Sigmund Freud Additional Biography

Biography

0111203073-Freud.jpg Sigmund Freud (Library of Congress) Published by Salem Press, Inc.

Article abstract: Freud was the founder of psychoanalysis and as such has had a tremendous impact on contemporary thought and popular culture by baring the irrational and subconscious roots of much human action.

Early Life

Sigmund Freud was born on May 6, 1856, in Freiberg, a small Moravian town within the Austrian Empire. The infant, who was named Sigismund Schlomo, was the son of a somewhat ineffectual and rather poor, nonreligious Jewish wool merchant, Jacob Freud, and his young and energetic third wife, Amalia Nathansohn. Young Freud had two half brothers, who were older than his mother, and a nephew, simultaneously his best friend and archrival, who was his senior by a year. Freud’s later recall of his ambivalent feelings toward these relationships within his family served as the basis for the discovery and elaboration of many of his psychoanalytic theories.

In 1860, Freud’s family, after a brief stay in Leipzig, settled in Leopoldstadt, the old Jewish section of Vienna. There, the family’s poverty was exacerbated by the birth of seven children between 1857 and 1866. Such hardships in Vienna, in contrast to romantic memories of Freiberg, left in Freud an ambivalence toward the city, which he loved but in which he never felt comfortable. The period of liberal ascendancy in Vienna, which accompanied his youth and early adulthood, was both a stimulation and an encouragement. Despite the family’s relative poverty, Freud, always the favorite of whom great things were expected, was pampered. By the time Freud entered the University of Vienna in 1873 to study medicine, his family’s fortunes had improved.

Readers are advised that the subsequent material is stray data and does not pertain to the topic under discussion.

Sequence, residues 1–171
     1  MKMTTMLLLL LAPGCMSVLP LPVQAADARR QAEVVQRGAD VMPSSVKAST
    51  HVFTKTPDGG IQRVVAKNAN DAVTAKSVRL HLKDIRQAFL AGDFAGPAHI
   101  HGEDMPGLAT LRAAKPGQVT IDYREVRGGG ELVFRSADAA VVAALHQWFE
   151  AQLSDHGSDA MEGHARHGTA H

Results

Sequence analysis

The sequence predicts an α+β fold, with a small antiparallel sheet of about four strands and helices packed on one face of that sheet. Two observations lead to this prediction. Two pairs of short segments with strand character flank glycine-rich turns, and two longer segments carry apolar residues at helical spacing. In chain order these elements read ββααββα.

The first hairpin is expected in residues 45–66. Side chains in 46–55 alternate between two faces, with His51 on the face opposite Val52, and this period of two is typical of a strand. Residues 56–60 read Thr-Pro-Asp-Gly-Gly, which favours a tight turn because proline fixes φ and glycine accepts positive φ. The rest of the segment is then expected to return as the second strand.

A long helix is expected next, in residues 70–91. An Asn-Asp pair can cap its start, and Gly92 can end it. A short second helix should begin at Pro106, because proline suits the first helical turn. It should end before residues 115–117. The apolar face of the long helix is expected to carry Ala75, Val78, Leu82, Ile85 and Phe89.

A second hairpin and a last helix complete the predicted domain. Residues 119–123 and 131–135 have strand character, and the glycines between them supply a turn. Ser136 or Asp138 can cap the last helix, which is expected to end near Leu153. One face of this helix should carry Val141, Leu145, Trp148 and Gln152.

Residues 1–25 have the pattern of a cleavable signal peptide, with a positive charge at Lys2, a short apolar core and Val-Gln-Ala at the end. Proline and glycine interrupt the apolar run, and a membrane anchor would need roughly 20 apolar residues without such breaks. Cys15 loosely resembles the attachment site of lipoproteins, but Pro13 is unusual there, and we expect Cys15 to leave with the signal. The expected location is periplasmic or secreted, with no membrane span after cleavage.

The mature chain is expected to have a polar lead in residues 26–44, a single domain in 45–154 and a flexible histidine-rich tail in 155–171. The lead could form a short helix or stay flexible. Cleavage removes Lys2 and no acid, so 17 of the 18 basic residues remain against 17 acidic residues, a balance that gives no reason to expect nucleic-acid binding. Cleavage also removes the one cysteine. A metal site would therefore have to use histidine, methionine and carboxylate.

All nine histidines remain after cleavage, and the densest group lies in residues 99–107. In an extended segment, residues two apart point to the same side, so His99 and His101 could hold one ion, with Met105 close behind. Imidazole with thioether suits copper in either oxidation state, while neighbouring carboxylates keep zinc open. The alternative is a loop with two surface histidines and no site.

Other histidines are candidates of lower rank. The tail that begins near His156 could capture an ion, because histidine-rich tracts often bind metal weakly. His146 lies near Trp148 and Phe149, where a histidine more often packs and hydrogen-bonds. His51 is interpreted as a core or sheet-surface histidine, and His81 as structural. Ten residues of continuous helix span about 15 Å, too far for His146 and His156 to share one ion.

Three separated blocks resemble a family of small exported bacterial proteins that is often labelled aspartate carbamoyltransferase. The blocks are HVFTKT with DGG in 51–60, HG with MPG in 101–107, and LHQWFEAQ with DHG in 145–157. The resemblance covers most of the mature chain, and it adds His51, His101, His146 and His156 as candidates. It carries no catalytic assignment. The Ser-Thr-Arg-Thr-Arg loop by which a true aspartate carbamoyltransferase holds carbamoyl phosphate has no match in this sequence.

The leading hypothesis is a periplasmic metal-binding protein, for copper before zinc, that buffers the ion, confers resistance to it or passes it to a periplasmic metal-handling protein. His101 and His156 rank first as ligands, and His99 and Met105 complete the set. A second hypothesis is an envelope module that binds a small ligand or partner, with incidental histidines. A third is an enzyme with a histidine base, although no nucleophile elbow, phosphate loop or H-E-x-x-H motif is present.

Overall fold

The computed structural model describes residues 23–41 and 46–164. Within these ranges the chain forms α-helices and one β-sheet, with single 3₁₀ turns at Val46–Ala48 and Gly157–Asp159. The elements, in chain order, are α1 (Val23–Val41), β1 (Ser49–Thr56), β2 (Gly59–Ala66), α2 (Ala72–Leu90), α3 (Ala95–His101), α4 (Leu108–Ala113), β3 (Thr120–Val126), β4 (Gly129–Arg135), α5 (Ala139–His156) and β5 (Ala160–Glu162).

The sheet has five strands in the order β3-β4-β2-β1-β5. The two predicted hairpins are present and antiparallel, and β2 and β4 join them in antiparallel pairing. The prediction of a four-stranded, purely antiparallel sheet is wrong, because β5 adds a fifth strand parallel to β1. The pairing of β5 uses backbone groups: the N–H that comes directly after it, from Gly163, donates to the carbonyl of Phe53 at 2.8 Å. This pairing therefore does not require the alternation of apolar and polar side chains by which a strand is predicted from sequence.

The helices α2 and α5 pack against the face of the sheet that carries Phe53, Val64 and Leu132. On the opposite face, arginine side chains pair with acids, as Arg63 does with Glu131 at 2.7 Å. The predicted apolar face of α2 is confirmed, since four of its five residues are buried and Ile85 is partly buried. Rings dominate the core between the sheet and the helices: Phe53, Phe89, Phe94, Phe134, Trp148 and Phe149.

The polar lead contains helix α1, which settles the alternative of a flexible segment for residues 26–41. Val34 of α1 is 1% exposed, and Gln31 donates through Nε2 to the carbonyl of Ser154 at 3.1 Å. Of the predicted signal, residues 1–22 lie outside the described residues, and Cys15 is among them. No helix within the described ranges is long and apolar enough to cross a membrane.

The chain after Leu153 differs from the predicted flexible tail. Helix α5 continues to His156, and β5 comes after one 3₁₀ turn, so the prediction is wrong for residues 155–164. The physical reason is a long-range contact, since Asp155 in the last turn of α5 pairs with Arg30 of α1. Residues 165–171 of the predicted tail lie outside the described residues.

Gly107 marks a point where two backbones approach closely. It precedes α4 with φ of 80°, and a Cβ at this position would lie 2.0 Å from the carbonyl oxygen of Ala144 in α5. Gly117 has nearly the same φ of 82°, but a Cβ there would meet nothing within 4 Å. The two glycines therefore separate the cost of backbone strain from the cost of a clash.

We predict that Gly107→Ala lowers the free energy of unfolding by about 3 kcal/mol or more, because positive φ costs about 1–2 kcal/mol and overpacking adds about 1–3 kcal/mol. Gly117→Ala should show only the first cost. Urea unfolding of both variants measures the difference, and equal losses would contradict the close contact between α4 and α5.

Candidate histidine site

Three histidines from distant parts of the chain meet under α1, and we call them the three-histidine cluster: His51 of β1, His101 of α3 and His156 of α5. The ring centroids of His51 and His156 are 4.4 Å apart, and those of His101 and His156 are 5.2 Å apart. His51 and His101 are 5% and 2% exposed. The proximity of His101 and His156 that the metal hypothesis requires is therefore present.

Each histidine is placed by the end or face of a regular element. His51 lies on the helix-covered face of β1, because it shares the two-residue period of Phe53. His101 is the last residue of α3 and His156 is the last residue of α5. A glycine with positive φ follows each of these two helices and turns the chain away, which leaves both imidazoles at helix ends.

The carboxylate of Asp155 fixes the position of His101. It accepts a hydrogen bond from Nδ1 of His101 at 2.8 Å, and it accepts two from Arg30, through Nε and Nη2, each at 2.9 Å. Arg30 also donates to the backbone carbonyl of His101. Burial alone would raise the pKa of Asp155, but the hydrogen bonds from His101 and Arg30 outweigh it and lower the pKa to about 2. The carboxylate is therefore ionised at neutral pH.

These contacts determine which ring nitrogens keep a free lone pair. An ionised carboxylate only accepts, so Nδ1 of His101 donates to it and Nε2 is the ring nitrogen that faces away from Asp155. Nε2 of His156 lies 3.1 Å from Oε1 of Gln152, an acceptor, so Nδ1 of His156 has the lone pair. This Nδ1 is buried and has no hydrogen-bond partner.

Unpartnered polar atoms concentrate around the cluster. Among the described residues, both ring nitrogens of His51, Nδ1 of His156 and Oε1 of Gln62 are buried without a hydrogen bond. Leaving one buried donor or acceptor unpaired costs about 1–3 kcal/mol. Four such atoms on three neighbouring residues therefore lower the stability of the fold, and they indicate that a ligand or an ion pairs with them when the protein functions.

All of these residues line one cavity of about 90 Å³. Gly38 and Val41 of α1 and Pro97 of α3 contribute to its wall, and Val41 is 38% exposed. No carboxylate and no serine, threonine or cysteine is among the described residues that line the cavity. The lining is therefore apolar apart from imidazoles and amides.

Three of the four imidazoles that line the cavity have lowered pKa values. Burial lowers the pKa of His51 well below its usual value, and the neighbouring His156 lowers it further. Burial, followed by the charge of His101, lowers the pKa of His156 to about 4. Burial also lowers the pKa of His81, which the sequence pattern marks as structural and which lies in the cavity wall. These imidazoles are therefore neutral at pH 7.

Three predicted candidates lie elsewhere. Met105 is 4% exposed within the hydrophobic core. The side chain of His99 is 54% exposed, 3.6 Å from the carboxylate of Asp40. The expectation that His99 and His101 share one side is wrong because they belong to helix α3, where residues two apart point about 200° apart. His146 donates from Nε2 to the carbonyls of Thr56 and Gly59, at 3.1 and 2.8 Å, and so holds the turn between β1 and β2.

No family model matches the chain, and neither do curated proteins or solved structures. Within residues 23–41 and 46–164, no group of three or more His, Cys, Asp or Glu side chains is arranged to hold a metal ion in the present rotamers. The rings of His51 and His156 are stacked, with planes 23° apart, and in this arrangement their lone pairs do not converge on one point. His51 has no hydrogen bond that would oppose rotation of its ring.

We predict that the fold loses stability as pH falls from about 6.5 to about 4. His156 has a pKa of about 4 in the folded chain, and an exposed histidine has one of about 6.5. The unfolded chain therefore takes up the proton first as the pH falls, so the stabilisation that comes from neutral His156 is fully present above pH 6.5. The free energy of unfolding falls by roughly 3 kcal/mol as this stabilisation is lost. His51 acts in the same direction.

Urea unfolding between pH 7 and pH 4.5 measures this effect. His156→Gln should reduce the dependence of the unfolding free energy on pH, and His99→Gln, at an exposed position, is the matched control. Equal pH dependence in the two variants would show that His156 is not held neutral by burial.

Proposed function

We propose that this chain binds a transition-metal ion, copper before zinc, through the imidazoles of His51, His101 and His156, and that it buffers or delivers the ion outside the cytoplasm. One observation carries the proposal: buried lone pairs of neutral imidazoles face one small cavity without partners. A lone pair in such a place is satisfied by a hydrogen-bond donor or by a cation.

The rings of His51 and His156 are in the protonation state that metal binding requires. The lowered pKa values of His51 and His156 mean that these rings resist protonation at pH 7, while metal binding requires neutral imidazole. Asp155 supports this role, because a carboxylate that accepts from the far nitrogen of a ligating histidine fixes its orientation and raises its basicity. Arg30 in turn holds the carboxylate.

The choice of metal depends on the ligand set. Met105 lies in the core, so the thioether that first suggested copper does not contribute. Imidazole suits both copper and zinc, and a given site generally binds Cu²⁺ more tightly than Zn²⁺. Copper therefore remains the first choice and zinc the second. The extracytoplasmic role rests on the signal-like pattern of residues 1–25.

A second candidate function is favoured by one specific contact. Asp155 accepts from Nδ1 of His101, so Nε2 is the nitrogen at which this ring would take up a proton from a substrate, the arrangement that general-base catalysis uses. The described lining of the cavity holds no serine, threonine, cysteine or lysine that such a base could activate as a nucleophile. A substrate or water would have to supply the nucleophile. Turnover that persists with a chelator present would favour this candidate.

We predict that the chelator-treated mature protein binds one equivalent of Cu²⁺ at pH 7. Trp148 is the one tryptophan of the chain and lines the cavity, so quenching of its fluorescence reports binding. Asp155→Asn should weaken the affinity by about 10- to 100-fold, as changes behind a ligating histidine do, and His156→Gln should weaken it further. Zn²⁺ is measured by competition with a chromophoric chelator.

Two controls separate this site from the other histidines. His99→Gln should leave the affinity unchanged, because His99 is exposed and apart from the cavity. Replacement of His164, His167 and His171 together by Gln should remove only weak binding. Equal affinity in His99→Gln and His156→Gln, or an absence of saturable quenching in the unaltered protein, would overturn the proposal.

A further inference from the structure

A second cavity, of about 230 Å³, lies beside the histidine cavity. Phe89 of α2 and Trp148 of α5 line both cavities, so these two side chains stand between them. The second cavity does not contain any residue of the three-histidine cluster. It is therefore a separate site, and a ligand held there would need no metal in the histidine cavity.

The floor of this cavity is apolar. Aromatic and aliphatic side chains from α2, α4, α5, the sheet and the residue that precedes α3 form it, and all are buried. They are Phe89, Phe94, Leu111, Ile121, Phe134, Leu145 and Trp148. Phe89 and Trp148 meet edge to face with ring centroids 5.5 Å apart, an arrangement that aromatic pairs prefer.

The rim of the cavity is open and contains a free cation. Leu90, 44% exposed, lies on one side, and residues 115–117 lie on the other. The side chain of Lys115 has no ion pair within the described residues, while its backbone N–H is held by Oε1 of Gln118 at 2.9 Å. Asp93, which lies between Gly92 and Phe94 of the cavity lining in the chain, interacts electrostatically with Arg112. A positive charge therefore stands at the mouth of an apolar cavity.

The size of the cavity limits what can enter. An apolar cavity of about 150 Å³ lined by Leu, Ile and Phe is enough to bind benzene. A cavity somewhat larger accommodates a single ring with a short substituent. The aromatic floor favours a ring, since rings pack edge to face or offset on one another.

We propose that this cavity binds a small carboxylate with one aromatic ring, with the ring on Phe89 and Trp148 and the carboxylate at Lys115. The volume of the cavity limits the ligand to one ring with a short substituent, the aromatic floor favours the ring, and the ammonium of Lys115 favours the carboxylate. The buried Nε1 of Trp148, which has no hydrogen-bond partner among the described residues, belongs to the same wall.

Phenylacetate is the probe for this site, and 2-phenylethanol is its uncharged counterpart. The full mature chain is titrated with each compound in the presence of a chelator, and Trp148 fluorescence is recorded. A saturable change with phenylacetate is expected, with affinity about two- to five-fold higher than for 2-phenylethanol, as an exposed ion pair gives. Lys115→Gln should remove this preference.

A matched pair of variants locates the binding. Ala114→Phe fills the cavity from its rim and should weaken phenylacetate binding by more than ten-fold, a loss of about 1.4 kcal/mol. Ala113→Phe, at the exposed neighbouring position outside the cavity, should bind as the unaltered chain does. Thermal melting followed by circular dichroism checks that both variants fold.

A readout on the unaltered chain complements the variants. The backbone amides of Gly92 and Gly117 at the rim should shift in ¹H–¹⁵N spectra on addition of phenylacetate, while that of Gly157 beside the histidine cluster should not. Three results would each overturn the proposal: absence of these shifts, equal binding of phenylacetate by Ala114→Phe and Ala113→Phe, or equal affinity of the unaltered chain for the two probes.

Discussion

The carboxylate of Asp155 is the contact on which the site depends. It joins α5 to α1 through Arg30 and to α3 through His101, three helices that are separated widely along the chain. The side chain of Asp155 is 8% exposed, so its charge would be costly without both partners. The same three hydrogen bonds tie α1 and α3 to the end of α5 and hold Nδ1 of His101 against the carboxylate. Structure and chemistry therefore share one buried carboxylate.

Freud began his university studies shortly after a stock market crash. In the wave of anti-Semitism that followed the collapse, Freud, although intensely antireligious, became acutely aware of his own Jewishness, an experience that prompted the development of a critical independence. Freud was drawn to medicine as a means of channeling his insatiable curiosity and love of nature along more empirical and less speculative lines. The normal five-year course was extended by Freud’s broad curiosity and fascination for research, and he did not receive his degree until 1881. Among the most influential of his professors was the physiologist Ernst Brücke, a positivist who aspired to a complete understanding of humankind through scientific investigation.

Freud spent another year in Brücke’s laboratory before taking a junior position at Vienna’s General Hospital to gain the clinical experience necessary for a medical practice. The compelling reason for Freud’s beginning his practical career was the twenty-one-year-old daughter of a prominent Hamburg Jewish family, Martha Bernays, whom he met in April, 1882, and to whom he became engaged in June. In October, 1885, Freud went to Paris for several months to study under Jean-Martin Charcot at the Salpêtrière Clinic. Freud was strongly influenced by the personality and skill of Charcot, who indicated the psychological rather than organic origins of hysteria and demonstrated the therapeutic value of hypnosis. It was Charcot who nudged Freud down the path, which had already attracted him, to psychology. A particular legacy of Charcot was a dedication to theory rooted in observable facts.

Life’s Work

In April, 1886, Freud, having returned to Vienna, established his private medical practice and, in September, married Bernays. The first of six children was born in October, 1887. Dissatisfied with the results of hypnosis in the treatment of his neurotic patients and influenced by his friend and mentor Josef Breuer, Freud turned to the “talking cure” as a means of evoking a catharsis in his patients. In 1895, Freud and Breuer published Studien über Hysterie (Studies in Hysteria, 1936), the founding statement of psychoanalysis, in which they described their success with this technique.